The Secure Digital memory card has been a major innovation in data storage, its small size and wide adoption allowing for more compact cameras and greater interoperability between devices like cameras, camcorders, and computers. Recently, however, the previously straightforward Secure Digital memory cards have been complicated by the introduction of Secure Digital High Capacity, or SDHC, cards. While SDHC cards have brought with them many positive aspects, they have also generated a lot of confusion among consumers who are having trouble sorting out the differences. This brief guide should help clear things up.
Standard SD cards are available in capacities up to 2GB, at present, while SDHC cards are now available in capacities between 4GB and 32GB. That's a tremendous amount of data for such a small card. The differences between SD and SDHC cards (apart from the obvious capacity difference) are largely technical, such as the different file systems each uses.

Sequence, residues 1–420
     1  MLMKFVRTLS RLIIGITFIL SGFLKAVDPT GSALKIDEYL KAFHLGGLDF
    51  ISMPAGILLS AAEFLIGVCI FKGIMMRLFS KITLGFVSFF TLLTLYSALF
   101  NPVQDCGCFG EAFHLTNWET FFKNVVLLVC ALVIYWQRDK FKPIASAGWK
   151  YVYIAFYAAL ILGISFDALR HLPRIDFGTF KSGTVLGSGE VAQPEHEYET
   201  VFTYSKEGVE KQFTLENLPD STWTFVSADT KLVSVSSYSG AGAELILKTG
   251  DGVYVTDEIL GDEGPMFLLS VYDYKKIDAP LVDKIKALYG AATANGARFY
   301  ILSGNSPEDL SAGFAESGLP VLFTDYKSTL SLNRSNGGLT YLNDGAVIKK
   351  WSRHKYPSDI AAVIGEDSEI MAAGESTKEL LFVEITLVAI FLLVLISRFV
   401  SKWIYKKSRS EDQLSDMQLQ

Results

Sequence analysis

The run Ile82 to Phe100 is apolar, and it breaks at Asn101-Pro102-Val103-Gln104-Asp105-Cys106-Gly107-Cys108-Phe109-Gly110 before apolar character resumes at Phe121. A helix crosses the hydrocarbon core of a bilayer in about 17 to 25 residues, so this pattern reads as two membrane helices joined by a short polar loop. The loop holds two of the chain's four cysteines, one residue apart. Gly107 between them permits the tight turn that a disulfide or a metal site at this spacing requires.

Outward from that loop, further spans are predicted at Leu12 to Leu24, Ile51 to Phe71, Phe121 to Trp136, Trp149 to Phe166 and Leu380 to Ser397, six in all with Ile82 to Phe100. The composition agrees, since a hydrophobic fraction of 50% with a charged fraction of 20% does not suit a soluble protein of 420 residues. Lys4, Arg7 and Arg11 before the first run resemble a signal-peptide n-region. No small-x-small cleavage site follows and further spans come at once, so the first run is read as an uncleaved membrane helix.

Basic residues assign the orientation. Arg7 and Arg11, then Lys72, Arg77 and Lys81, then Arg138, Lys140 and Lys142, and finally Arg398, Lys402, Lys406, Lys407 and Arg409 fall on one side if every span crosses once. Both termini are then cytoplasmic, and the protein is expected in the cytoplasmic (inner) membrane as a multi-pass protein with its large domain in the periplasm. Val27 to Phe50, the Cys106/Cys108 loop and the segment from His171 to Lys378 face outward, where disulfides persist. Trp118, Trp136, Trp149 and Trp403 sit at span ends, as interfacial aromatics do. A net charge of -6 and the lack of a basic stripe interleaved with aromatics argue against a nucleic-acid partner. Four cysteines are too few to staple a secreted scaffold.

By providing small and affordable flash memory in high capacities, SDHC cards have made possible the introduction of digital camcorders that record high-definition video directly to an SDHC memory card. Additionally, this has provided digital cameras with the ability to record longer and more detailed video clips (including clips shot in high-definition).
Compatibility is a major sticking point for consumers. If you have an older camera, one purchased over two years ago, it probably is not compatible with SDHC cards at all. Newer cameras, however, can accept both older SD cards as well as the new SDHC formatted cards. Just be sure to check your owner's manual to be sure that your camera is capable of reading SDHC cards before you purchase one. Otherwise, you'll be stuck with a memory card you can't make use of.